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Record 1973

Reading Experience:

'V.S. Pritchett had an uncle, an atheist cabinet-maker, who taught himself to read from The Anatomy of Melancholy, even acquiring a few Latin and Greek words from the notes. "Look it up in Burton, lad", became his inevitable response to any question. "Burton was Uncle Arthur's emancipation", wrote Pritchett, "it set him free from the tyranny of the Bible in chapel-going circles". Whenever his pious relatives quoted Scripture at each other, he could trump them with something from The Anatomy of Melancholy.'
Century: 1850-1899
Date: unknown
Country: n/a
Time: n/a
Place: n/a
Type of Experience (Reader):
silent aloud unknown
solitary in company unknown
single serial unknown
Type of Experience (Listener):
solitary in company unknown
single serial unknown

Reader/Listener/Reading Group:

Age Adult (18-100+)
Gender Male
Date of Birth n/a
Socio-economic group: Clerk / tradesman / artisan / smallholder
Occupation: cabinetmaker
Religion: n/a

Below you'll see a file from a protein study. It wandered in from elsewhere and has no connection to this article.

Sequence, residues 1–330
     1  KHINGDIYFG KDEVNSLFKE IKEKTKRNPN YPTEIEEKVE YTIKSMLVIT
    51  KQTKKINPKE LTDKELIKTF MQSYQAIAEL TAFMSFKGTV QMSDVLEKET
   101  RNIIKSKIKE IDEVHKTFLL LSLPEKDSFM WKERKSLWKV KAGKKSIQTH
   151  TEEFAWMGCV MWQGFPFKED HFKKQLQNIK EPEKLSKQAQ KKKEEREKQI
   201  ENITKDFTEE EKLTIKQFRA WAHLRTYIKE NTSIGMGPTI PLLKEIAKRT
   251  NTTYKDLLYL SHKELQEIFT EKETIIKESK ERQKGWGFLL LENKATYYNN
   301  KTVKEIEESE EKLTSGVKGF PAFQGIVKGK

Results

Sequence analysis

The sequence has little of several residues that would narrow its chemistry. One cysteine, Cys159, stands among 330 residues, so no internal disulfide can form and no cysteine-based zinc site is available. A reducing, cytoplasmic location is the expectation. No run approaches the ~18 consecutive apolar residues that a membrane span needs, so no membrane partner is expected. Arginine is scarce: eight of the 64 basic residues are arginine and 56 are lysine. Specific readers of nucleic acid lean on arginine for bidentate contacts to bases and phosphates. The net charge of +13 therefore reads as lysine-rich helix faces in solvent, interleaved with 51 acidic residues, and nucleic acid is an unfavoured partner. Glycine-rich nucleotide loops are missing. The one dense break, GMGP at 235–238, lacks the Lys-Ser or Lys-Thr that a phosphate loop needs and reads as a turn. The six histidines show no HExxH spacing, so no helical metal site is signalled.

Country of origin: n/a
Country of experience: n/a
Listeners present if any:
(e.g. family, servants, friends, workmates)
Additional comments: V.S. Pritchett's Uncle


Text Being Read:

Author: Robert Burton
Title: The Anatomy of Melancholy
Genre: Philosophy
Form of Text: Print: Book
Publication details: n/a
Provenance: owned


Source Information:

Record ID: 1973  
Source - Print  
  Author: Jonathan Rose
  Editor: n/a
  Title: The Intellectual Life of the British Working Classes
  Place of Publication: New Haven
  Date of Publication: 2001
  Vol: n/a
  Page: 97
  Additional comments: n/a

Citation: Jonathan Rose, The Intellectual Life of the British Working Classes (New Haven, 2001), p. 97,, accessed: 23 February 2024

Additional comments:

See V.S. Pritchett, 'A Cab at the Door' (London, 1968), pp.47-8



Reading Experience Database version 2.0.  Page updated: 27th Apr 2016  3:15pm (GMT)